The Water Dancer Summary

The Water Dancer is the first novel by Ta-Nehisi Coates. It tells the story of Hiram Walker, who is born into slavery on a Virginia plantation called Lockless.

  • Hiram grows up one of the Tasked (enslaved). His mother was a slave, but his father is the plantation master. Hiram becomes the manservant of his father's legitimate son, Maynard, until Maynard dies.
  • Hiram discovers that he possesses the power of Conduction, or instantaneous travel—a power activated by memory. He is recruited as an agent of the Underground, helping slaves escape.
  • Hiram eventually takes over the running of Lockless, which becomes a station on the Underground.


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Last Updated on February 20, 2020, by eNotes Editorial. Word Count: 792


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Ta-Nehisi Coates is perhaps best-known as a journalist and nonfiction writer: he is the author of the nonfiction books We Were Eight Years in Power: An American Tragedy, which examines President Barack Obama’s legacy; Between the World and Me, composed as a letter to Coates’s son, which received the National Book Award for Nonfiction and was a finalist for the Pulitzer Prize; and The Beautiful Struggle, a memoir. The Water Dancer, published in 2019, is Coates’s first novel.

Plot Summary

The Water Dancer is a magical realist work in which the protagonist, Hiram Walker—a slave on a Virginia plantation—discovers that he has the power of teleportation, a power which he must learn to control through his memory. The prose is dense and descriptive, often bordering on the ornate. Coates creates his own vocabulary to avoid a sense of overfamiliarity with the issues. Slaves are known as the “Tasked.” Their masters are the “Quality.” Teleportation is called “Conduction.” Slaves who escape are said to have “gone Natchez-way.”

The story begins as Hiram is driving his half-brother, Maynard, over a bridge. Although the two have the same father—Howell Walker, the master of Lockless plantation—Maynard is white and is considered Walker’s legitimate son, while Hiram’s mother was a slave. The bridge collapses, and Maynard drowns. Hiram feels that he, too, is drowning and sees an apparition that ends with a dancing woman balancing a water jug on her head.

After this preamble, the narration returns to Hiram’s childhood. Hiram says that he has dreamed of getting away from Lockless for as long as he can remember. When he was nine, his mother was sold, and a woman called Thena took care of him. It was at this time in his life that he first discovered the power of Conduction, though not how to control it.

As he grew older, his father arranged for him to be taught by the same tutor as Maynard. Hiram proved an apt pupil, whereas Maynard was very slow. Hiram’s progress in his studies made him hope that his father was preparing him for a role in the running of Lockless, but as it transpired, he still intended Hiram to be Maynard’s manservant, despite his education.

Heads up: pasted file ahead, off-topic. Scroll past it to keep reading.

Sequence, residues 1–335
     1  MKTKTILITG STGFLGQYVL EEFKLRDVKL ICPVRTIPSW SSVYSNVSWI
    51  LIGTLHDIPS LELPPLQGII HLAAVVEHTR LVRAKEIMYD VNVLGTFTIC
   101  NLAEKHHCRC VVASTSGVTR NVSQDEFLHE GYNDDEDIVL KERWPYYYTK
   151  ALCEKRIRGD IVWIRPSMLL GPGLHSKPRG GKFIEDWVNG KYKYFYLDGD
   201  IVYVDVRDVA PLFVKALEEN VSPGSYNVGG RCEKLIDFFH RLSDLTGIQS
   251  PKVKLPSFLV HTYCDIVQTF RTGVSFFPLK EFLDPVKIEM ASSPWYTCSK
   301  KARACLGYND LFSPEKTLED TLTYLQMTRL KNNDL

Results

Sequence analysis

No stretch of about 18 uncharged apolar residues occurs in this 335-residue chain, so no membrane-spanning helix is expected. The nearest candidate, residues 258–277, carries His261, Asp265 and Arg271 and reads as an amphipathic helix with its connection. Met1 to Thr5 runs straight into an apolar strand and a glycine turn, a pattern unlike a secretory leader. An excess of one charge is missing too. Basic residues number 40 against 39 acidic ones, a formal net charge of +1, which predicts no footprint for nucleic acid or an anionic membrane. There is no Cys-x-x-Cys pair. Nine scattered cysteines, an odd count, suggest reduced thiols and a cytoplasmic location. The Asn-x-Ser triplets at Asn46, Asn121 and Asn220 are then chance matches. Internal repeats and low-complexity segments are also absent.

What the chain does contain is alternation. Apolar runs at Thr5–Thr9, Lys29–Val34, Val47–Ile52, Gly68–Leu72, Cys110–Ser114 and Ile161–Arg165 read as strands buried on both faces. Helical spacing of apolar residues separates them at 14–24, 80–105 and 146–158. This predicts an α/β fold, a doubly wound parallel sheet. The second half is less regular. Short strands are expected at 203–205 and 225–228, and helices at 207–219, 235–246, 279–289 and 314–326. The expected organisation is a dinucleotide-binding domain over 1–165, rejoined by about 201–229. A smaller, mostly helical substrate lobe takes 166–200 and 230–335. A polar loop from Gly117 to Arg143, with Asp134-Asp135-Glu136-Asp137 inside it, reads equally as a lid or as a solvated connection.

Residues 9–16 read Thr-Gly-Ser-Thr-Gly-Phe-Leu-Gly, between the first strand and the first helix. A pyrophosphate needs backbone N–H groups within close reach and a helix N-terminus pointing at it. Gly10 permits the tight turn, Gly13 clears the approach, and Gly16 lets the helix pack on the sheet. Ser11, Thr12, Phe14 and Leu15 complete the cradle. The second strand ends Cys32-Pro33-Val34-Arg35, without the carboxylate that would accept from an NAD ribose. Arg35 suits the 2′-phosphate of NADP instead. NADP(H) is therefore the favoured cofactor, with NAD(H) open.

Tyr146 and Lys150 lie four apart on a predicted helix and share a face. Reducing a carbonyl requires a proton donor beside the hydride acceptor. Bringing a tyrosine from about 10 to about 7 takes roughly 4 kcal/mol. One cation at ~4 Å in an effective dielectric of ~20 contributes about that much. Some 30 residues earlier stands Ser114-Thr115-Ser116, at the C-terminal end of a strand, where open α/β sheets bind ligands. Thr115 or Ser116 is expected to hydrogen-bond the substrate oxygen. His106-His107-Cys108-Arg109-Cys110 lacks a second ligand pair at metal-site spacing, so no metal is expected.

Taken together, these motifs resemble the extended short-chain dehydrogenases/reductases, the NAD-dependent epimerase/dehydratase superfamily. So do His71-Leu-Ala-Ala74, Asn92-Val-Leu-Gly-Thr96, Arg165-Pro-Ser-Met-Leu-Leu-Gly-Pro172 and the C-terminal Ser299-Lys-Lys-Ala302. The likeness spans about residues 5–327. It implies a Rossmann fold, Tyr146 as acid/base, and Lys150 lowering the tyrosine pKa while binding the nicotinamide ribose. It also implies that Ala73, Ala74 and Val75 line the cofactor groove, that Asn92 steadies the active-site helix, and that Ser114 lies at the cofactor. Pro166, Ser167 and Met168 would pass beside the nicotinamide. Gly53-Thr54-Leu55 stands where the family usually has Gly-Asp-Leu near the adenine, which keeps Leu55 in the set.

Maynard has taken over the running of Lockless, but he is a poor master, and the rest of the Quality despise him. Howell hopes that Maynard’s shortcomings will be somewhat compensated for by marriage with a wealthy woman named Corrine Quinn. At this point in the story, there occurs the accident on the bridge, in which Maynard is killed.

Hiram attempts to run away from Lockless with another slave named Sophia, with whom he has an ambiguous relationship. He wants to marry her, but she makes it clear that she is not going to walk out of one trap and into another, since she regards marriage as a form of servitude for a woman. The two of them are caught almost immediately, and Hiram is imprisoned. He is bought by a sadistic man whose main purpose in keeping slaves is to torture them. This treatment triggers Hiram’s Conduction ability.

Corrine Quinn purchases Hiram and asks him to use his powers to help the Underground Railroad transport slaves to freedom. She sends him to Philadelphia, where he meets a woman who goes by the name of Moses. She later turns out to be Harriet Tubman, who also has the power of Conduction and teaches Hiram how to use it. She invokes the memory of her late husband, John, demonstrating that memory is of paramount importance in harnessing the power.

Hiram returns to Lockless, which has run to seed since his departure. He finds Sophia, who now has a child she assures him is not his. After some time, and many remonstrations from Thena and Sophia, Hiram accepts both Sophia and her child, and Corrine buys Sophia so that the three can be together. Hiram finds a shell necklace that belonged to his mother, and the memories evoked by this help him to master his Conduction abilities. Corrine buys Lockless and puts Hiram in control so they can use it as a station on the Underground Railroad.

Ultimately, The Water Dancer is as much about memory as it is about slavery. In his former work, Coates has written not only about the horrors of slavery as a matter of history but also, more urgently, about contemporary America’s predilection for forgetting those horrors. Hiram’s powers depend on his memory and his ability to face the past, harness it, and turn it to his advantage and that of other oppressed people. Coates invites his readers to do the same with the collective memory of slavery.


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